“To those who know me know that my decision to take the summer off from managing the pool after 15 years has totally broken my spirit and my heart!!!!,” Hartman wrote. “However, I can not tolerate all the complaints and evilness surrounding the townspeople and the continuing threats about the water usage and where the water comes from, and now possibly charging the pool for the water because the cost of our water bills went up!!!! Complaints of water pressure, when the pool is not even hooked up yet. Really ????? Dust and noise coming in your windows from the pool again really ?????
“When will the community come together to make it better, instead of complaining about things and putting the small businesses out of work?” she continued. “Remember all the good times you had growing up at that pool, and now that you’re older ( and you haven’t been there since I have been managing it ), because I know who came and supported it and I know who didn’t, because I was there everyday and I spoke with every person that walked through that door, you should still be supporting the pool, not tearing it apart like everything else in this town. This has had to be one of the hardest decisions I ever had to make, but I just need a break, so I am sorry if nobody likes my decision ( I don’t either ), but I need to think about my sanity and my family first.”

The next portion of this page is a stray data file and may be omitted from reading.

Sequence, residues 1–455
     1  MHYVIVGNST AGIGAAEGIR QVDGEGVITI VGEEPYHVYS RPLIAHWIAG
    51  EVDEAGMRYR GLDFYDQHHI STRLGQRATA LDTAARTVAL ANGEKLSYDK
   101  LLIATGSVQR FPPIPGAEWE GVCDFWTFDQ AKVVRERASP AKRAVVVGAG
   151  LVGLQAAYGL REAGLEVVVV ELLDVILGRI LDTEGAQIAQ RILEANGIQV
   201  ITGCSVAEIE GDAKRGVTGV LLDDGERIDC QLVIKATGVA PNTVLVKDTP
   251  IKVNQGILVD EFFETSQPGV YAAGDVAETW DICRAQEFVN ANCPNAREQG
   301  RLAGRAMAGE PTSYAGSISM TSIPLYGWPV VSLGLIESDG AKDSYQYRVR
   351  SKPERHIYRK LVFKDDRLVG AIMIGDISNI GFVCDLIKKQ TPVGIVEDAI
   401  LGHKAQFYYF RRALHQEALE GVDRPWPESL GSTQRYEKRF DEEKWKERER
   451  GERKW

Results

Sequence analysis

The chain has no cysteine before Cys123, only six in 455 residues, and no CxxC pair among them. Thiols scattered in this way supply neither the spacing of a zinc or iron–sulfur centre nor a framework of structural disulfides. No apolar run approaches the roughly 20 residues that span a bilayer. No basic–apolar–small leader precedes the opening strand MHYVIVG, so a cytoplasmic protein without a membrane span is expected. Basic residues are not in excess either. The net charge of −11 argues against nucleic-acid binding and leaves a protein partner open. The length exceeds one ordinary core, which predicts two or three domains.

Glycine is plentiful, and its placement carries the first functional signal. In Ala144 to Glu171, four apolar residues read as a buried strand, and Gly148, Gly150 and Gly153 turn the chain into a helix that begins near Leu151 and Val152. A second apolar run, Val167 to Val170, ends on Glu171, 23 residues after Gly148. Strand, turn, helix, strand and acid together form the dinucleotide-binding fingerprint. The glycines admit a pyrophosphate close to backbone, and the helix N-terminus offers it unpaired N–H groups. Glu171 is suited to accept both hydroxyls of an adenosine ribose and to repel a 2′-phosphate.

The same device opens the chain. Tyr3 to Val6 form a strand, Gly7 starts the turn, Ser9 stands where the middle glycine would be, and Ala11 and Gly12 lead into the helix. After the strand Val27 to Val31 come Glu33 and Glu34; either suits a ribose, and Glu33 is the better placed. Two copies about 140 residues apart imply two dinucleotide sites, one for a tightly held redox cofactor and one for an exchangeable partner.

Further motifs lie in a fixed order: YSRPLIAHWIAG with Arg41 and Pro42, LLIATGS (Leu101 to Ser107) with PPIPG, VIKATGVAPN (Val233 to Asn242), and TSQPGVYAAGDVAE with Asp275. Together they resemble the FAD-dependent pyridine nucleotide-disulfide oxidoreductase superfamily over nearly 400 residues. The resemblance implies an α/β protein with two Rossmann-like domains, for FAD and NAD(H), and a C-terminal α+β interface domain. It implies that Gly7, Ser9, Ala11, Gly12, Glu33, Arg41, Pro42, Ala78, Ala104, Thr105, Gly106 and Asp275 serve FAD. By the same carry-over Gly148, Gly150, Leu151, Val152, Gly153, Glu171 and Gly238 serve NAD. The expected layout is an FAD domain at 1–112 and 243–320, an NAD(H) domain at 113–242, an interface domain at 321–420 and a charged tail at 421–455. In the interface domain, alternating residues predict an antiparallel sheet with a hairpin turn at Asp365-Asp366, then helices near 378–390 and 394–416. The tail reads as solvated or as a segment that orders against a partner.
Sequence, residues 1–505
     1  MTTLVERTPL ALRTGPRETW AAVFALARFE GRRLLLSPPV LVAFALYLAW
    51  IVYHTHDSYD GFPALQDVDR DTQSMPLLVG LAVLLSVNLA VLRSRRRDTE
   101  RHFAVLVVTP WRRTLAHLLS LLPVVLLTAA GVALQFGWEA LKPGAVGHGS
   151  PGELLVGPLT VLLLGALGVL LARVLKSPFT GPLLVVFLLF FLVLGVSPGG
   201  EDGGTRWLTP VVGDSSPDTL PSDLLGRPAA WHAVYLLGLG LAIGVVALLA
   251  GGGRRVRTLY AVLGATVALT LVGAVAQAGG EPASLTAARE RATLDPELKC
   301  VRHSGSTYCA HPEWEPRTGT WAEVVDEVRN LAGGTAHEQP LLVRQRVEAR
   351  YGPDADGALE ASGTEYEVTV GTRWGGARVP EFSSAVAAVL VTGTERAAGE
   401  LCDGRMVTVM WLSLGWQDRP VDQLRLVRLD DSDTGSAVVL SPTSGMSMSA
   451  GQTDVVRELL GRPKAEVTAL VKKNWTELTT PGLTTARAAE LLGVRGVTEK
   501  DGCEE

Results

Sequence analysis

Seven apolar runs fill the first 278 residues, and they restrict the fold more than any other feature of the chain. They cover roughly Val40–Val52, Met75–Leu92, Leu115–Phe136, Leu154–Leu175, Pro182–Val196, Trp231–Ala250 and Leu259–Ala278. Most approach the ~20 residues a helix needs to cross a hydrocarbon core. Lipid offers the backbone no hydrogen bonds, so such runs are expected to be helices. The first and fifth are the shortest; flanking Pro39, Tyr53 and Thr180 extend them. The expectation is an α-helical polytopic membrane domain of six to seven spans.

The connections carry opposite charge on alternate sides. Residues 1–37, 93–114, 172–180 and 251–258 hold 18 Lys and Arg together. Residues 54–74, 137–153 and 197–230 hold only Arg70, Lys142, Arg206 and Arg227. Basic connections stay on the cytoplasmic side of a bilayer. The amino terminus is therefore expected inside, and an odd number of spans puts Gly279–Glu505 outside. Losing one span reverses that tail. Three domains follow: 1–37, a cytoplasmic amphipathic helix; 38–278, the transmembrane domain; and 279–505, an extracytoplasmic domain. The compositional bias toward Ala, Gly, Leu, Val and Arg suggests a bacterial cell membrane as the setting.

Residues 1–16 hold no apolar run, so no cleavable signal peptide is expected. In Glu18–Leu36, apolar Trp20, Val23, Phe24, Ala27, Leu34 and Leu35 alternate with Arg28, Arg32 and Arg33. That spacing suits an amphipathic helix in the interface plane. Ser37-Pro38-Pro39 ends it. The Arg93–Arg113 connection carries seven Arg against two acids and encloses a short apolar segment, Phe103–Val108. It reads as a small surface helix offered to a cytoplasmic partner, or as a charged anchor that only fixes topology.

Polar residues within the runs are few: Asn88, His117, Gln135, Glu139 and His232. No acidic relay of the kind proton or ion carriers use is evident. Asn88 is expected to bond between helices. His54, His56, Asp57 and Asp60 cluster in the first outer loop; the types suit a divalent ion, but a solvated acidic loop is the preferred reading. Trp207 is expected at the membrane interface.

Borough residents who were part of the Richland Community Swim Pool Association opened the facility in 1961. It had operated over the past 53 years with the help of both paid employees and volunteers.
Back on August 6th of 2014, the following is what Hartman posted on her facebook page:
“Like the Richland pool doesn’t have enough problems trying to stay around and provide something for the community to do, we have a council member that just insists on running his mouth trying to shut the pool down,” she wrote. “Doesn’t matter that this same person used to jump the fence and swim for free in his younger years, doesn’t matter that I know for a fact he hasn’t supported the pool ( only complaints ) in the last 20 years. Yep, what a way to be a council member, by trying to destroy the only thing left in the town for the people to do. Yep, you are surely out for the people of Richland, so glad I am not one of your ” friends” to say “yep yep and nod the head in agreement ” you are an idiot and do not not deserve to be on a council seat, because you are trying to destroy the only thing left in the town for people to enjoy Okay, my vent over. Sorry I was volunteering my daily 24/7 time at the pool so I couldn’t be at the meeting, but I was told by quite a few people that do care about the pool, what was said at the meeting.”
Northeast Swim Club, which is located at 628 North 11th Avenue in the city, last served its members over the summer of 2012. At the time of its closing, Northeast’s membership was hovering around 100, and it was estimated that it needed about 160-170 to cover the costs of operating and maintaining the pool, some of which were considered to be major repairs.
That club opened in 1972, but experienced low membership rates for the ten years prior to its closing. At the time, a family membership was priced at $250, and an individual membership cost $150.
This summer of 2015 marks the second in-a-row that Iona Swim Club has not opened. Situated on land at 1301 Founderwhite Road in South Lebanon, the pool experienced costly underground structural damage during the 2014 off-season, that apparently weren’t covered by insurance.
As of this posting, the club’s bond holders had yet to be refunded their membership fees.